How does this switch work

Discussion in 'Digital Circuit Design' started by ForumlaM, Dec 2, 2017.

  1. ForumlaM

    Thread Starter New Member

    Dec 2, 2017

    I would like to use a switch for example the switch HMC221B (datasheet is attached) . As we can see on the attached picture.
    For that switch, as we can see in the datasheet, we need to add a circuit with two 74HC04. I would like to know from that circuit what is the meaning of VCTL and how do I create it ? Do we control both A and B both in same time with one input named VCTL? Do we have the control over VCTL?

    And if I put between 3V and 5V for VCTL does it mean that VCTL=high?
    If I put 0 V at VCTL, does it mean VCTL=low and cause B to be high and A to be low?
    Do I really need to use two 74HC04 in that case?

    Thank you
    Last edited: Dec 2, 2017
  2. Reloadron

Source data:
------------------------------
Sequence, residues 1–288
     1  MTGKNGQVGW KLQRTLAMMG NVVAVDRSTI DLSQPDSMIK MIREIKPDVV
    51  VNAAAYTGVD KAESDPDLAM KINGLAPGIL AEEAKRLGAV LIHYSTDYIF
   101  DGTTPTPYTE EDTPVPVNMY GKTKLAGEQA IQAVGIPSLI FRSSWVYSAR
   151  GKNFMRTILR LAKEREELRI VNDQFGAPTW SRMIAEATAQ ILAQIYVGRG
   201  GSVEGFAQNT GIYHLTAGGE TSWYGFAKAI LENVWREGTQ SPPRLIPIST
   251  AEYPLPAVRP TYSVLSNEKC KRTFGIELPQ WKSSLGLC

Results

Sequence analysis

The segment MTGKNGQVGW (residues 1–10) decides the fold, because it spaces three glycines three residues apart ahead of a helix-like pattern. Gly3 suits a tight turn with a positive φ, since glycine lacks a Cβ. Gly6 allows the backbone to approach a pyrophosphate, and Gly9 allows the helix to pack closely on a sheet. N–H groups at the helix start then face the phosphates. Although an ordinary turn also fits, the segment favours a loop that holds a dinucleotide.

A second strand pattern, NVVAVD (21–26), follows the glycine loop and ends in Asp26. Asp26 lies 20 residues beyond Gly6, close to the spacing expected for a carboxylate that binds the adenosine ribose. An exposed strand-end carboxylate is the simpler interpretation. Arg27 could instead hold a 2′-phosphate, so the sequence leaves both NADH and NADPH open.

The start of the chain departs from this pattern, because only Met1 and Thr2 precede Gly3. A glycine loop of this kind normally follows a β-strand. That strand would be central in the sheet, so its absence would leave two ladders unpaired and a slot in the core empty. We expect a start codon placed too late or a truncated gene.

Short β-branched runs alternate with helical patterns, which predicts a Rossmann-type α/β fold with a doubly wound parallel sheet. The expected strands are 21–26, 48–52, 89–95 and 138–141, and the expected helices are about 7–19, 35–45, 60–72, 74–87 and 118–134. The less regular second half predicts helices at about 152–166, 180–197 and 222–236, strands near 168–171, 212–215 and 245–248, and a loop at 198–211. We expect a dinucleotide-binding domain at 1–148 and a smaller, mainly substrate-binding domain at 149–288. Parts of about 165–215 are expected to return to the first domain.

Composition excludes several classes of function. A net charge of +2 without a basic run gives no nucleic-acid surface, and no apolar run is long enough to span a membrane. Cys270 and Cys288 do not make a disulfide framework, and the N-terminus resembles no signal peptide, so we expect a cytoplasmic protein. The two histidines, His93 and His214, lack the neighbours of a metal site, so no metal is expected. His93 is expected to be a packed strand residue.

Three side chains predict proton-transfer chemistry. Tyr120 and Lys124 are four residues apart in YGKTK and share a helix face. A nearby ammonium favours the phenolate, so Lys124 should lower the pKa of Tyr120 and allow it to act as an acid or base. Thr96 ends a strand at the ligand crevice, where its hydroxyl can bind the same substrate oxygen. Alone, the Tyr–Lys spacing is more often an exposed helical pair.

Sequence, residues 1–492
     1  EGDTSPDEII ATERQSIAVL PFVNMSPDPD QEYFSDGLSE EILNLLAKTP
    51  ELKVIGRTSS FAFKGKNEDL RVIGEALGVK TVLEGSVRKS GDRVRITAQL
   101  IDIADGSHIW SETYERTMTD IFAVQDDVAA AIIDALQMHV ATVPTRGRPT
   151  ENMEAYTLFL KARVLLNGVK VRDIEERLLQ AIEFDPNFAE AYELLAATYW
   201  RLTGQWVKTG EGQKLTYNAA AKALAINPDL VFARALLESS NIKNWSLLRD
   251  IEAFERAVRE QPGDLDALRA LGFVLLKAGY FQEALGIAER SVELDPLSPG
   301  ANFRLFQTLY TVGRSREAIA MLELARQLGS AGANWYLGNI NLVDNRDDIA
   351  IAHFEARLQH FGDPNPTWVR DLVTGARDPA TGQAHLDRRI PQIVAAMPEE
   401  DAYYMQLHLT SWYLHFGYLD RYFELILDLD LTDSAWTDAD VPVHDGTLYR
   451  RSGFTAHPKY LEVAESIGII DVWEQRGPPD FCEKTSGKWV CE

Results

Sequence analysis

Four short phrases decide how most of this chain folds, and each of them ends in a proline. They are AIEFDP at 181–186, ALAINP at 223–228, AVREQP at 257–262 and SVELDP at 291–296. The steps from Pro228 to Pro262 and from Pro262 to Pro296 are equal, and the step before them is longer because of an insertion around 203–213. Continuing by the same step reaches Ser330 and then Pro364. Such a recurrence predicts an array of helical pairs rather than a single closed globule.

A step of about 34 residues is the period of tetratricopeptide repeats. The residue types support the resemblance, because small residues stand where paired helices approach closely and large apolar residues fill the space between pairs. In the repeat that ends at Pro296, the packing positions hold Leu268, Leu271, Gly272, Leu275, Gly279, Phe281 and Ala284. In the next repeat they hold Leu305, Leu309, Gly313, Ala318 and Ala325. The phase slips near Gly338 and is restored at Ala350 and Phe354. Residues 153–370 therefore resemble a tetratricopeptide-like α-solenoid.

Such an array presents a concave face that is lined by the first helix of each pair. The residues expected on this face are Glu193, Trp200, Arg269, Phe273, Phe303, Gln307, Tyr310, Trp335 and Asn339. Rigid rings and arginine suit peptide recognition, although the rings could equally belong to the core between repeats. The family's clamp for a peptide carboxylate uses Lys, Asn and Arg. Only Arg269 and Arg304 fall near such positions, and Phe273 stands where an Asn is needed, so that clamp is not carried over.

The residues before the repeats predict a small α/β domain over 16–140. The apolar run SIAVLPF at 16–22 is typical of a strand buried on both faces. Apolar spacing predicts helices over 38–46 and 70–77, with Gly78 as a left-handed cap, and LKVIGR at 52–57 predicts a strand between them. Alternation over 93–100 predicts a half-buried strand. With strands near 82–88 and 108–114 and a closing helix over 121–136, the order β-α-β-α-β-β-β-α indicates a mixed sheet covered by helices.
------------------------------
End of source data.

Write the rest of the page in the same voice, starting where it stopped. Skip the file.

Distinguished Member

    Jan 15, 2015
    TYPICAL APPLICATION CIRCUIT Two cascaded, CMOS inverters, biased with VDD = 5 V, can generate complementary control voltages, VCTL = 0 V/5 V, for the A and B inputs. Therefore, the HMC221B can be controlled from a single CMOS input line (see Figure 15).

    Your posted circuit is Figure 15, VCTL (the control voltage) can be 0 volts for an Off state and 5 volts for an On state. Using a hex inverter like the 7404 series allows the switch to toggle. When A is High, B is Low and when B is High A is Low. Control Voltage Range (A and B) is −0.2 V dc to 12 V dc. See the control inputs on the data sheet.

  3. WBahn


    Mar 31, 2012
    Are you SURE you want to use that switch? Are you really switching low-power RF signals?